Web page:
Issued in Blighty in November 2000 - can this forgotten CD Remaster really be 'over' 20 years old in 2021? Well it is - and at just above a fiver-English (brand new and sealed) from darling Jeff and his Amazonian hoards – tis still bloody good value for money too. 

Common consensus tells us that Rodders lost something in his transition from fantastic Faces frontman vocalist intertwined with a stunning solo career in the first half of the Seventies when he segued to this - his August 1975 Warner Brothers big Stateside push that came complete with a model wife, saffron scarf, bubbly glass in hand, Art acquisitions on the Malibu walls and burgers bigger than Kenny Everett's bum-pads in that now infamous slag-off sketch (very sexy Ken).  

But actually, as far as I'm concerned, the musical rot did not really start in until December 1978's "Blondes Have More Fun". I know some of the more sexist tunes like "Hot Legs" were hard to take then and even more so now – but like most fans of my advanced years, I've always held a torch for "Atlantic Crossing" (1975), "A Night On The Town" (1976) and "Foot Loose And Fancy Free" (1977)  - a trio of good to occasionally great albums in a period where most Rock acts were either floundering or downright superfluous to Rock 'n' Roll requirements. I don't want to talk about it – how you broke my heart - yes I do - here are the boozy half-and-half pass-the-champagne-Britt details...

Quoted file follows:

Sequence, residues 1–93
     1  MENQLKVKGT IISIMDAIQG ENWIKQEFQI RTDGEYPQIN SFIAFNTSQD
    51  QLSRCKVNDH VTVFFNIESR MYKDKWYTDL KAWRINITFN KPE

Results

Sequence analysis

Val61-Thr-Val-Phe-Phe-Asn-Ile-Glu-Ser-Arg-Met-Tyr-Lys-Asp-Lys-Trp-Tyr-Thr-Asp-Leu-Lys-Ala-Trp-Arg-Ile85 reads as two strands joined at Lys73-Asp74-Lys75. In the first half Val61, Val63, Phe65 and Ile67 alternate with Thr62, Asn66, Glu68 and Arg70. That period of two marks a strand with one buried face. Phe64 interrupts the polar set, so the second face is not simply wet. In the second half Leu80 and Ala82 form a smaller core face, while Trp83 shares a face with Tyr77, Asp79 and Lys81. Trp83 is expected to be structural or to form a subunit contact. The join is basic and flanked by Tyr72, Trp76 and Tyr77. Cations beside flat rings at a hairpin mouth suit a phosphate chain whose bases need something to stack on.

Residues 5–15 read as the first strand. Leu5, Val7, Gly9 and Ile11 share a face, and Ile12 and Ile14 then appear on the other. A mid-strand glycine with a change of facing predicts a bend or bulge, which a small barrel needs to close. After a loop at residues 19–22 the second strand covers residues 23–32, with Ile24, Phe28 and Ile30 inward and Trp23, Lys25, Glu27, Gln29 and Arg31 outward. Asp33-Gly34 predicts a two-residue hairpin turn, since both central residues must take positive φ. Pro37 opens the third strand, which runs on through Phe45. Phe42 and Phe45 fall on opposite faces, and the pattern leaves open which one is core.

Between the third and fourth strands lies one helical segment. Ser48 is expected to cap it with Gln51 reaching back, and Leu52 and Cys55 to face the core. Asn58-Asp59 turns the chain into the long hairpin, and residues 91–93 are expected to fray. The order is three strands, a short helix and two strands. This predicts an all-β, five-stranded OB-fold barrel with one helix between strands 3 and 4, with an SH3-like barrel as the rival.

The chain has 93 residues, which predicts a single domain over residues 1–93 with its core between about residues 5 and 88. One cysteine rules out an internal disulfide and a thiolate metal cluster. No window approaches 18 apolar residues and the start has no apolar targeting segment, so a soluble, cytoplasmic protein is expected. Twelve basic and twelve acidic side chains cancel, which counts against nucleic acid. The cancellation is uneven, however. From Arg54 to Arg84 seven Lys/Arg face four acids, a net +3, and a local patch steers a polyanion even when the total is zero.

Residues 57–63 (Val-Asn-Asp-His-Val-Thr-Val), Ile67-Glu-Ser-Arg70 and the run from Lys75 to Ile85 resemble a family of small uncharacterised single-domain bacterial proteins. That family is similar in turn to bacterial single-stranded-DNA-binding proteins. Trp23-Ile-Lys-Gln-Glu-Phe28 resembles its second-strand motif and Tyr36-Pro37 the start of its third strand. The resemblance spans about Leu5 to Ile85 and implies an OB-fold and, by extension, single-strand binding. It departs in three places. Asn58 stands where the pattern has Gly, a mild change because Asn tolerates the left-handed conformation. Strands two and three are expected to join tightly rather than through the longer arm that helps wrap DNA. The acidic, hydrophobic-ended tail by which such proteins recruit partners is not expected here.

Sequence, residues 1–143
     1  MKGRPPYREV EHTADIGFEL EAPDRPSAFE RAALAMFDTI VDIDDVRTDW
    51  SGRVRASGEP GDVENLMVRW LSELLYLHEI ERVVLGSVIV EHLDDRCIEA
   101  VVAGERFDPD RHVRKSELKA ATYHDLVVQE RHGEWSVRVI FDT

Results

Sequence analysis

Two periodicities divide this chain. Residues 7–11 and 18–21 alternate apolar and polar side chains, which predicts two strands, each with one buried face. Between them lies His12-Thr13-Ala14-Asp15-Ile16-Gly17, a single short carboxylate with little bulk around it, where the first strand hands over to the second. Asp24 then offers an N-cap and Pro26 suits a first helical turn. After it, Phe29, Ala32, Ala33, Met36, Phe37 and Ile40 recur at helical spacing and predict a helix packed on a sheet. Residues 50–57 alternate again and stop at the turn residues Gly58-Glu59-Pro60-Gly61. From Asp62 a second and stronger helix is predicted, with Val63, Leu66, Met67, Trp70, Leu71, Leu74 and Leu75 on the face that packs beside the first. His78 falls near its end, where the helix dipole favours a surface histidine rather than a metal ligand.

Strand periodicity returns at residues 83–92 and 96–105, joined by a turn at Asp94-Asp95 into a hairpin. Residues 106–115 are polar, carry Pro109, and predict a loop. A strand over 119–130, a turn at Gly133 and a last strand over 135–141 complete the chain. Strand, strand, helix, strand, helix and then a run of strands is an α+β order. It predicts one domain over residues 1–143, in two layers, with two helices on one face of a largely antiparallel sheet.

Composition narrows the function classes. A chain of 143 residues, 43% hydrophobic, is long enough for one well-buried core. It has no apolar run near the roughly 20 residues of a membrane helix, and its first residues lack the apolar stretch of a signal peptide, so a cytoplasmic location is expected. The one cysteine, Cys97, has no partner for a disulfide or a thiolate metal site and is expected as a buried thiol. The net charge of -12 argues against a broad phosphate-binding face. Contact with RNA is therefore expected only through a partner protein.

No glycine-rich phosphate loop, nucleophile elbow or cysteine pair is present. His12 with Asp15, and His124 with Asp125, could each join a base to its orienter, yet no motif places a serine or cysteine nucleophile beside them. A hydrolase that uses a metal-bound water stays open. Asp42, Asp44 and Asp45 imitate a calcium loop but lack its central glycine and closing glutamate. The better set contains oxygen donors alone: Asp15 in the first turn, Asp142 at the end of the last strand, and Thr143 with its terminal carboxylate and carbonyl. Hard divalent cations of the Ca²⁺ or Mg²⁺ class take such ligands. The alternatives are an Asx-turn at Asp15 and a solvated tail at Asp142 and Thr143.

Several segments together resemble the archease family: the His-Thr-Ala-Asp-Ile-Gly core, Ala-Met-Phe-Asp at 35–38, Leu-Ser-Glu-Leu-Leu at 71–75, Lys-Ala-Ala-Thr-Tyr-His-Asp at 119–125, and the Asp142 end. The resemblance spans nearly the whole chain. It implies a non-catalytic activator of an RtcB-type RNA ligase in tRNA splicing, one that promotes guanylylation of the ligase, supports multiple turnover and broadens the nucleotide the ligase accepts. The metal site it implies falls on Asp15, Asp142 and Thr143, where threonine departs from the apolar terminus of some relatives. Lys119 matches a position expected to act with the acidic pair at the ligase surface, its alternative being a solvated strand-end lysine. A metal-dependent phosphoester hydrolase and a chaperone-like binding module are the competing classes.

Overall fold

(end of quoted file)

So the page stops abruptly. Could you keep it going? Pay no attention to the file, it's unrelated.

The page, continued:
UK released November 2000 - "Atlantic Crossing" by ROD STEWART on Warner Brothers 9362-47729-2 (Barcode 093624772927) is part of the Warner Remasters Series and is a straightforward CD reissue of his 1975 LP that plays out as follows (44:27 minutes):

Fast Half 
1. Three Time Loser [Side 1]
2. Alright For An Hour 
3. All In The Name Of Rock 'n' Roll 
4. Drift Away 
5. Stone Cold Sober 
Slow Half
6. I Don't Want To Talk About It [Side 2]
7. It's Not The Spotlight 
8. This Old Heart Of Mine 
9. Still Love You
10. Sailing 
Tracks 1 to 10 are his sixth studio album "Atlantic Crossing" - released August 1975 in the UK on Warner Brothers K 56151 (reissued January 1978 on his own label Riva Records RVLP 4) and August 1975 in the USA on Warner Brothers BS 2875. Produced by TOM DOWD - it peaked at No. 1 in the UK and No. 9 in the US album charts. "Three Time Loser", "All In The Name Of Rock 'n' Roll" and "Still Love You" written by Rod Stewart - "Alright For An Hour" co-written with Jesse Ed Davis while "Stone Cold Sober" was co-written with Steve Cropper of Booker T & The M.G.'s. The other five tracks are cover versions (each discussed below).